Those who attended the meeting in Regina that established the Assiniboine River Basin Initiative deserve credit for their effort. Their determination to come up with a plan to address land and water issues within the basin should be welcomed by all, but the obstacles they face are many.
The biggest by far is the poor record of co-operation among affected governments over the past decade.
Western Manitoba and southeastern Saskatchewan, as well as North Dakota, are hit hardest. The Canadian government shows no interest in co-operative endeavours, yet its involvement is critical, as is that of the U.S. government. Co-operation among the affected provinces and states is also essential. As Manitoba sits at the bottom of the Nelson River watershed, it is the recipient of water entering from several jurisdictions, including Alberta (snowmelt from the east side of the Rockies enters Manitoba via the Saskatchewan River, and potentially the Qu’Appelle). Yet, the recent Manitoba throne speech mentions only individual projects; no plan, no vision beyond vague support for the idea of the Assiniboine Initiative.
Clearly, certain construction projects such as dams and channels are needed, both within Manitoba and elsewhere. But it doesn’t end there. Land use zoning will be important to facilitate a return of some currently farmed lands to riparian conditions, as drainage works of the past have contributed to water moving downstream faster than “normal.”
Land use actions, particularly bush removal and pothole drainage, exacerbate heavy rainfall impacts. Consequently, flood probability tables are woefully inadequate under changing climate conditions.
The basic overall system must also recognize the public responsibility to fairly compensate farmers and other landowners for their contribution to the public good where their aspects of their lands use are adjusted.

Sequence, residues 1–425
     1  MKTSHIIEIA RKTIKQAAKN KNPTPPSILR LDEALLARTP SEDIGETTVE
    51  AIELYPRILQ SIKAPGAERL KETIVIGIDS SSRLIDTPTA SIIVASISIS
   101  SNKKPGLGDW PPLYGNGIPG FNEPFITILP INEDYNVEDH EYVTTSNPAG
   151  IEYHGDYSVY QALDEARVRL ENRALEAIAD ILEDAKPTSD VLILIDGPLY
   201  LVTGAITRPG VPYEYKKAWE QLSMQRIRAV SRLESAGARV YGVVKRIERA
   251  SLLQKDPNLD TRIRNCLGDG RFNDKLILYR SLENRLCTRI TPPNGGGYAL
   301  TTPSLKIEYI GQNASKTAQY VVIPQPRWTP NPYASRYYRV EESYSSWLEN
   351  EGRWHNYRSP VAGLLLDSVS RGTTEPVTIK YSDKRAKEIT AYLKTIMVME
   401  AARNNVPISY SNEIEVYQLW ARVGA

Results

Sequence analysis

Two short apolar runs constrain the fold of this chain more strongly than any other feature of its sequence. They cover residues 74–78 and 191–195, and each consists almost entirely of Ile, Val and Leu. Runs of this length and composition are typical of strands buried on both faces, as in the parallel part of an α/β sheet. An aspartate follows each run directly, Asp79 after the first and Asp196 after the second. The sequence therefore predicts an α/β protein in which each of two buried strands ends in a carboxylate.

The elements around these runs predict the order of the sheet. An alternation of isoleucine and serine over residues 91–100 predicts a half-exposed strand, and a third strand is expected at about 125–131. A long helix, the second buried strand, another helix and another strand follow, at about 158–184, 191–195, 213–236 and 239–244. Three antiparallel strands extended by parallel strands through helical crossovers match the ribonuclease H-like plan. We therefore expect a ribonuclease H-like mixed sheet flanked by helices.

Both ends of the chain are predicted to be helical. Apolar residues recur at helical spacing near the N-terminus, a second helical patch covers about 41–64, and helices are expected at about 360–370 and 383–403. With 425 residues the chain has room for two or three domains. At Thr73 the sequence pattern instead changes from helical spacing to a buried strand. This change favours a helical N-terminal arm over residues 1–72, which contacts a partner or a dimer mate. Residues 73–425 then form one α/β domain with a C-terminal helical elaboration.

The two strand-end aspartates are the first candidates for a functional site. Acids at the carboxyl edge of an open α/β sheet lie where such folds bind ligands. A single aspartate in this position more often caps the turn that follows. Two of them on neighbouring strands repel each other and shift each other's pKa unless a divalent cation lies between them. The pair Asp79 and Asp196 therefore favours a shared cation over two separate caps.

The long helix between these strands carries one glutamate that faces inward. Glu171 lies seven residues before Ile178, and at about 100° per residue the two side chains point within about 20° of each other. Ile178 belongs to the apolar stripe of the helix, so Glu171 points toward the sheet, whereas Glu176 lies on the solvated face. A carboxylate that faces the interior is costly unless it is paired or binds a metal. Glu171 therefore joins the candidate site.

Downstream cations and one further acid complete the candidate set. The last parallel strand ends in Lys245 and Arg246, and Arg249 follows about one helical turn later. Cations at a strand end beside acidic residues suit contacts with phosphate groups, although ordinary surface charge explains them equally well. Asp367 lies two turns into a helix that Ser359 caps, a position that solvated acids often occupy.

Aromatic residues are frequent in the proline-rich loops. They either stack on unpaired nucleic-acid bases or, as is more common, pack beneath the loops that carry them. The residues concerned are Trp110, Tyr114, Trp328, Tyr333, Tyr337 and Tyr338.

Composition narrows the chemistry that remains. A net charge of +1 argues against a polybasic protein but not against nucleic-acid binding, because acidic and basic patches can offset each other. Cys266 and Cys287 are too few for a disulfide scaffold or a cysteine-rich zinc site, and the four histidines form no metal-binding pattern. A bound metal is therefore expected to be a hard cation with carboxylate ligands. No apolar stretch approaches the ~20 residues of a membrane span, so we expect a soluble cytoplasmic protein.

Recent large low-pressure weather systems from the American south and southwest carried substantial moisture up to the Red River Valley. Given that low-pressure systems turn counter-clockwise, areas to the west receive northeast winds ahead of the centre. From Winnipeg (783 feet above sea level at the airport), the land rises to 2,074 feet at Carlyle. Saturated air cools about 1.5 C per 1,000 feet as it rises. Given that it’s already saturated, it will drop more moisture as it rises.
A further potential complication could derive from carbon particles expelled into the air from flaring off natural gas at oil wells in the Bakken formation in southwest Manitoba, southeastern Saskatchewan, and parts of North Dakota and Montana. These carbon particles could become nuclei for moisture formation, creating raindrops in addition to those occurring naturally. The extent to which carbon particles escape into the air depends on the effectiveness of the flaring (about 0.5 billion cubic feet per day), and the regulations and subsequent inspections in each jurisdiction. Research is needed on this matter, as well as regulations associated with flaring (if it is to be allowed at all).
Where does it end?
There’s also the question of where the Assiniboine ends. Is it where it enters the Red? During flood stages, more than 75 per cent of its flow enters Lake Manitoba, and slowly but surely it floods Lake St. Martin and downstream to Lake Winnipeg. Its waters eventually enter Hudson Bay, so whatever happens to the Assiniboine has significant downstream consequences.
Flooding is one problem; pollution is another. Downstream lakes are the recipients of nutrients that could better be absorbed upstream.
The advantage of the new Assiniboine River Basin Initiative organization is that it can take a complete overview and identify the components needing attention.
Somehow, the Assiniboine Basin Initiative needs to establish that vision, sort through the jurisdictional array to identify the relevant actors, and then convince them that doing their job in co-operation with the others will lead to objectives being achieved faster and more efficiently.
Governments seem to be too busy trying to survive in the short term, ignoring the reality that a long-term vision with strategically timed projects is what is needed to avert future disasters. Residents of the affected areas can’t wait any longer for governments to act. By forming this new organization they could well be on the road to much-needed solutions to climate issues (flooding, land use and pollution) that have been their preoccupation for the past four years.